Niger experiences low and variable rainfalls, land degradation, deforestation and desertification. The vast majority of Nigerians depend on agriculture for their livelihoods, and frequent droughts in the region often damage crop yields, leading to food shortages in the country. Chronic food insecurity and a high prevalence of infectious diseases have led Niger to record some of the highest malnutrition and mortality rates in the world. According to United Nations estimates, nearly 3.4 million Nigeriens are chronically food insecure.
Following Niger’s return to democratic rule in 2010, the Government of Niger committed to fighting corruption, increasing transparency, and ensuring that proper management of the country’s natural resources benefits all Nigeriens. Niger’s National Assembly plays a key role in advancing reforms needed to strengthen governance and consolidate recent democratic gains vital to furthering the country’s development. The potential revenue from extractive industries in Niger is of great importance to the economic growth of the country, and as a result, the efficient and transparent management of these industries plays a key role in Niger’s future.
Niger consistently ranks at or near the bottom of the United Nations Development Program’s Human Development Index. Chronic food insecurity and infectious disease have resulted in some of the highest rates of malnutrition and mortality in the world. Over forty percent of children under five are chronically malnourished and the rates of acute malnutrition are well beyond the threshold for public health emergencies. In addition, Niger has the highest fertility rate in the world. Left unchecked, Niger’s rapid population growth will further undermine health service delivery and weaken the resilience of the most vulnerable populations.
Niger’s population is 70% illiterate and only 44% of female primary school students reach 6th grade. To address this gap in education, the Government of Niger is implementing an ambitious national education program to increase educational access, quality and retention. USAID is contributing to these objectives together with support of the Millennium Challenge Corporation with programming that fosters a reading culture and early grade reading in local languages; an improved school environment, especially for girls; increased parental engagement; and strengthened community linkages with education administration. Additional support for impact evaluation of these activities aims to help the Ministry of Education make data-based policy and program decisions.
The five-year, $36 million USAID Building Economic Sustainability through Tourism Project (BEST) seeks to enable Jordan's transformation into a globally competitive tourism destination.
This program aims to strengthen the development of more democratic and open political processes in Jordan. More specifically, it aspires to support the participation of candidates, activists, monitors, and voters in Jordan’s municipal and parliamentary elections.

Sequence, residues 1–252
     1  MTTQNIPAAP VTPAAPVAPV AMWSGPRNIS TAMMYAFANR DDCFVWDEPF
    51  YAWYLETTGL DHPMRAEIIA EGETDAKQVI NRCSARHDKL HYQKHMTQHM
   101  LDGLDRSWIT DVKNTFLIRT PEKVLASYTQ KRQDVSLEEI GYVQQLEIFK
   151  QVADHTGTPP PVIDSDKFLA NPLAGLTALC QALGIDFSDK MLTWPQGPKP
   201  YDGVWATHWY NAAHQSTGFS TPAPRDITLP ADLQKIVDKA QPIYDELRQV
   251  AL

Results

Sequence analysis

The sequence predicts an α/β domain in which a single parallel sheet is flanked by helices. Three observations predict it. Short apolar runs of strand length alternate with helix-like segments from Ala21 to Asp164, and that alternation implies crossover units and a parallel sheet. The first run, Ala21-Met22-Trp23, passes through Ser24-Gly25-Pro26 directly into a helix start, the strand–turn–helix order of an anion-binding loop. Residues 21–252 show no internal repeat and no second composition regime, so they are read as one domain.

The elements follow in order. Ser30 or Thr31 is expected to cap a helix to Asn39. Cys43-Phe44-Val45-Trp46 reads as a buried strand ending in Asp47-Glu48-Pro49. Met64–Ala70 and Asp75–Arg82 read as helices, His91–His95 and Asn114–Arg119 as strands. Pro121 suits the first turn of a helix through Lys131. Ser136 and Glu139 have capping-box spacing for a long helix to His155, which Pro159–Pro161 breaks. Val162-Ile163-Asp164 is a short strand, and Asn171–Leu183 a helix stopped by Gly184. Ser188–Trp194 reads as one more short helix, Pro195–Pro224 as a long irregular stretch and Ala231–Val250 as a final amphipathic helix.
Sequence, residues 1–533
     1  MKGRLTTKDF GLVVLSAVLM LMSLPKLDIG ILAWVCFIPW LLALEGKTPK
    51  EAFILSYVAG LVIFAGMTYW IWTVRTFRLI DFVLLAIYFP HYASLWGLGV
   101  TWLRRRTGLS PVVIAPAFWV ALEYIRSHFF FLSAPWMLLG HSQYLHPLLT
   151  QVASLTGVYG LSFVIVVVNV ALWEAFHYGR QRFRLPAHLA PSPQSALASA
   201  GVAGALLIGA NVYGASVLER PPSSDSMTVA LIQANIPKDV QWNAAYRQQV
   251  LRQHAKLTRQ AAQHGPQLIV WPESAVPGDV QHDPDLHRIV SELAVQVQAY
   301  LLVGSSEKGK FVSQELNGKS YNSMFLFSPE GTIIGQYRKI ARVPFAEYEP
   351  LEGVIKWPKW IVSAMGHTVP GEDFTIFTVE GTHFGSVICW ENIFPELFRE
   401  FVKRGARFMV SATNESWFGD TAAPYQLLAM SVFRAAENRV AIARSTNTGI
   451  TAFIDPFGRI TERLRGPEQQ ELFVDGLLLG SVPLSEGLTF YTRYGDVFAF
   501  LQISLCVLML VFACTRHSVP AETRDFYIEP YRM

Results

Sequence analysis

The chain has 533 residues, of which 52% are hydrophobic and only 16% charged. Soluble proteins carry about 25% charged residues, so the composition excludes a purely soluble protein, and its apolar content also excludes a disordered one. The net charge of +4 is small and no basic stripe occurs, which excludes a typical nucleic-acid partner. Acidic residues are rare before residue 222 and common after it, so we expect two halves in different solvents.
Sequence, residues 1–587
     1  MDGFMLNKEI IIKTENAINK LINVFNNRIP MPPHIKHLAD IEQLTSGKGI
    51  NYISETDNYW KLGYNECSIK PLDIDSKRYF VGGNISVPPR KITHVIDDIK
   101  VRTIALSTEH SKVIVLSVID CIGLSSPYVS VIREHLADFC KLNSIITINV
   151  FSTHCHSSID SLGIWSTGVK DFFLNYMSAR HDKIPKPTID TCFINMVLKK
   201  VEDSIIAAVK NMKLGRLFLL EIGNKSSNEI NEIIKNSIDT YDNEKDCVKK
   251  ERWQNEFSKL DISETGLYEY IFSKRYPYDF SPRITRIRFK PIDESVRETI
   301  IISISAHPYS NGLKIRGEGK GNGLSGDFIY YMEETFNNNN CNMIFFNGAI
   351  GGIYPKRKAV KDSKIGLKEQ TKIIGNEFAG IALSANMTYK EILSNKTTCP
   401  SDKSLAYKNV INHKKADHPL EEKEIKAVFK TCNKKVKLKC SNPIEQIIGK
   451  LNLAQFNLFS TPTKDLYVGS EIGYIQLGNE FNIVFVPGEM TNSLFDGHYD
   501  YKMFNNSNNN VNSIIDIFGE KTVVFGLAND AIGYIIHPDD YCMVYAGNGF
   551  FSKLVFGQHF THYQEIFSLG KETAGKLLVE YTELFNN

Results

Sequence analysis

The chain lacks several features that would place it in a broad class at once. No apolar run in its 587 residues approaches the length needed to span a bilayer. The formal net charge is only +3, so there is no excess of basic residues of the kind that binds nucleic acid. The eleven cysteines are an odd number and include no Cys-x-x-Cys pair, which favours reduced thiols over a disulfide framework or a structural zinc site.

Jordan faces serious economic and social challenges, including fiscal and trade imbalances, resource constraints, unemployment, and demographic pressures. All of these are aggravated by the more than one million refugees and asylum seekers in the country. This program will help Jordanian systems and institutions to achieve sustainable progress by leveraging existing capabilities and resources.
Nepal has an undercurrent of pervasive, patriarchal social structures and a deep-rooted ethnic caste system woven into the fabric of an otherwise rich, diverse cultural heritage, restricting progress in all major development sectors. For Nepal to become a more democratic and resilient society, it must give women and girls, those who identify as LGBT, people who are differently abled, and those who come from historically marginalized ethnic groups equal access to resources and decision-making opportunities. USAID Nepal’s Country Development Cooperation Strategy (2014-2019) explicitly recognizes gender equality and social inclusion (GESI) as integral to achieving its governance, economic growth, and human capital goals.
Violent clashes, unrest continue to impede the delivery of food, fuel, and other critical humanitarian supplies. UN, USG warn of a possible humanitarian crisis, call on parties to resolve border impasse. An estimated 81,000 earthquake-affected households require winterization support.
The National Action Plan for Combating Multidrug-Resistant Tuberculosis (hereafter referred to as the National Action Plan), developed by an interagency working group in response to Executive Order 13676: Combating Antibiotic-Resistant Bacteria and the National Action Plan for Combating Antibiotic Resistant Bacteria, identifies a set of targeted interventions that address the core domestic and global challenges posed by MDR-TB and extensively drug-resistant TB (XDR-TB). The recommended interventions represent the U.S. Government's contributions to reversing the worldwide spread of MDR-TB and can help inform policy development processes around the world.
Last updated: February 12, 2016